Reference has already been made to
The passivation means 20 comprises two layers: an adhesive layer 20 a and a protective barrier or ‘passivation’ layer 20 b. The adhesive layer 20 a is provided immediately adjacent the surface of the actuator 2, and intermediate the barrier layer 20 b. The bonding layer 20 a provides a means to fix the barrier layer 20 b to the actuator 2 and is preferably in the form of an epoxy glue having a high temperature stability and low ionic content so as to be electrically resistive. For example, the adhesive layer 20 a may be composed of a silicone, fluorosilicone, acrylic or epoxy based adhesive. The adhesive layer thickness should be less than about 100 μm.
During construction of the actuator 2, the adhesive layer 20 a may be applied either on the surface of the actuator or, alternatively, on the passivation layer 20 b. In order to ensure proper adhesion between the surface of the actuator 2 and the passivation layer 20 b, the adhesive layer 20 a may be applied on the entire surface of the actuator 2 or, alternatively, the entire surface of the passivation layer 20 b. Alternatively, the adhesive layer 20 a can be applied only at the ends of the actuator 2 or the passivation layer 20 b, thus avoiding electrically active areas of the actuator 2 that may be beneficial in some circumstances. It should be appreciated that the adhesive layer 20 a may also be applied on the external electrode 10.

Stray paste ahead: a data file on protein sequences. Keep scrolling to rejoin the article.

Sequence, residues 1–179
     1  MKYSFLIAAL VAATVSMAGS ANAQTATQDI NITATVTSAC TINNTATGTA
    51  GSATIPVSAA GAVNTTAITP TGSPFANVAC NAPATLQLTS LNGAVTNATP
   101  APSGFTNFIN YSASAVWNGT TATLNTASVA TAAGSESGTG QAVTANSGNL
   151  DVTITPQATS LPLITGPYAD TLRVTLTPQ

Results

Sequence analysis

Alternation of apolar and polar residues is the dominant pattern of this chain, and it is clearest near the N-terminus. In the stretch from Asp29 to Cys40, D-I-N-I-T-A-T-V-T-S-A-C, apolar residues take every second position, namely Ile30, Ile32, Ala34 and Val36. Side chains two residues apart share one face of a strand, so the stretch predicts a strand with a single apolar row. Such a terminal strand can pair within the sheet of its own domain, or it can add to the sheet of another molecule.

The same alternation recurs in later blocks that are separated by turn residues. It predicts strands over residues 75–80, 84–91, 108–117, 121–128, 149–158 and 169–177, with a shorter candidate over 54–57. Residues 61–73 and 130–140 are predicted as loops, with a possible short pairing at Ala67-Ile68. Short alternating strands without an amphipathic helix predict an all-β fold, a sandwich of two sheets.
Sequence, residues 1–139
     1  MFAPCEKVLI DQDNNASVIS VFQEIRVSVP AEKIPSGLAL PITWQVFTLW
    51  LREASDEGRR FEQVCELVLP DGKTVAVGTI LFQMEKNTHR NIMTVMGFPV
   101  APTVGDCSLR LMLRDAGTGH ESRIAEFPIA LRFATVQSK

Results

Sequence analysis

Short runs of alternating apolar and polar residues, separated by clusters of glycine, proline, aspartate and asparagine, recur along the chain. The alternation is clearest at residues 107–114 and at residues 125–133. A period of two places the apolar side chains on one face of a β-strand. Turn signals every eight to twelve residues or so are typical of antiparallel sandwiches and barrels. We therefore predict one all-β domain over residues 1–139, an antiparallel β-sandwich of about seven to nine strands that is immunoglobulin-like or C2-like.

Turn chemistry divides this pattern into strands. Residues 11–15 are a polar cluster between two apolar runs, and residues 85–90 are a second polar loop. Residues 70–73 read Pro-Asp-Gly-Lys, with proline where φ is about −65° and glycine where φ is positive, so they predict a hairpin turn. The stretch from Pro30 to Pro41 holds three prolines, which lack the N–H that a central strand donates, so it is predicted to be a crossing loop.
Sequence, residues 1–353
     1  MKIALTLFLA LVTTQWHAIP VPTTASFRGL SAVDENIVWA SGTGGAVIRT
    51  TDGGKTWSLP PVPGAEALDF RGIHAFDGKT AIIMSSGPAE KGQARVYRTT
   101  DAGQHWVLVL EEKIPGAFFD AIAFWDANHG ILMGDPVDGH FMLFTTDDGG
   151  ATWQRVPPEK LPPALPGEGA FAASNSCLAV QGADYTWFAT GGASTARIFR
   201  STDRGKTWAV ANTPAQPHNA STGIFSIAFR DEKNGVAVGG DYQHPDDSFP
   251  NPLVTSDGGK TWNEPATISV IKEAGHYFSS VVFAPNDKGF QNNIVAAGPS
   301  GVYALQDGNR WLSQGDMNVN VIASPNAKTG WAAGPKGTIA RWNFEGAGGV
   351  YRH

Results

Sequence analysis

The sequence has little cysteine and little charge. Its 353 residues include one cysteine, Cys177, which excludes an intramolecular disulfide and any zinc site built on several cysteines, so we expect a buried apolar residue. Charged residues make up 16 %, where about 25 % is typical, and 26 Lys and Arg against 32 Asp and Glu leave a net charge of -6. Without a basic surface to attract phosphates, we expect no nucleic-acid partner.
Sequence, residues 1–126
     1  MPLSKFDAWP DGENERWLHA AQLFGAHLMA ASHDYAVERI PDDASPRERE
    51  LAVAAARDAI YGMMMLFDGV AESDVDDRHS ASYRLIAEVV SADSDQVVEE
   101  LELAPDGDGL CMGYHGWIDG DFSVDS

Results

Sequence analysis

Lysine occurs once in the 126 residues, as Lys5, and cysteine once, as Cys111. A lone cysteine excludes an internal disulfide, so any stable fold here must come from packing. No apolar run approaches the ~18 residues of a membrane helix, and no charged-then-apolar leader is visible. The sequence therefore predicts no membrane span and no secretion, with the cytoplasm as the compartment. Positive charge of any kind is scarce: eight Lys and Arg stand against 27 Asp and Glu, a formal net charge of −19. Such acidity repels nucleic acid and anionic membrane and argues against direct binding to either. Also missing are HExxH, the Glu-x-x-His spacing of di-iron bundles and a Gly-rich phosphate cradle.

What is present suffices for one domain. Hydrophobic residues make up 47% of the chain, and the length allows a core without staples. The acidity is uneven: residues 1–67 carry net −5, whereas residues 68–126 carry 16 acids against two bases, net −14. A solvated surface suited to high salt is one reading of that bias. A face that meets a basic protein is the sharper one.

The passivation layer 20 b is formed from a thermoplastic polymer material in the form of a self-supporting polyimide film. The polymer film can be prepared by extrusion or casting. In a preferred embodiment the film should be made out of Polyimide such as Kapton® from DuPont.
In order to construct the passivation means 20 so as to protect the actuator 2, a tape-like film of combined polyimide and silicone or epoxy adhesive is formed prior to applying the film to the actuator 2. The polyimide tape is then wound completely around the actuator 2 so as to form the passivation means 20. In this way, the thickness of the passivation means can be increased either by overlapping the tape layers as many times as desired or, alternatively, by applying a second layer after the application of the first layer.
In an alternative embodiment, the passivation means 20 is formed from a sheet of self-supporting polyimide film having a width substantially equal to, or slightly greater than the axial length of the actuator 2 and a length substantially equal to the circumference of the actuator 2. In circumstances in which the sheet of polyimide film has a width greater than the axial length of the actuator, the film extends beyond the upper and lower ends of the actuator and, in such a scenario the adhesive may be applied solely outside the axial length and around the circumference of the actuator. In such a configuration it is preferable that no adhesive contacts active regions of the actuator 2.
In an alternative embodiment of the invention, as shown in
Although it is preferred that the further layer 20 c is an FEP fluroropolymer, it may also be formed from semi-crystalline thermoplastics such as, polyetherketones, polyetheretherketones, polybenzimidazoles, polyphenylensulfides, polyamidimides, polysulfones, polyethersulfones or liquid crystalline polymers.
Further protective layers of this or another material may be applied also to further improve the resilience of the actuator 2 to the environment in which it is located, in use. For example, a single or dual walled polymeric heat-shrink material may be applied so as to encapsulate the actuator.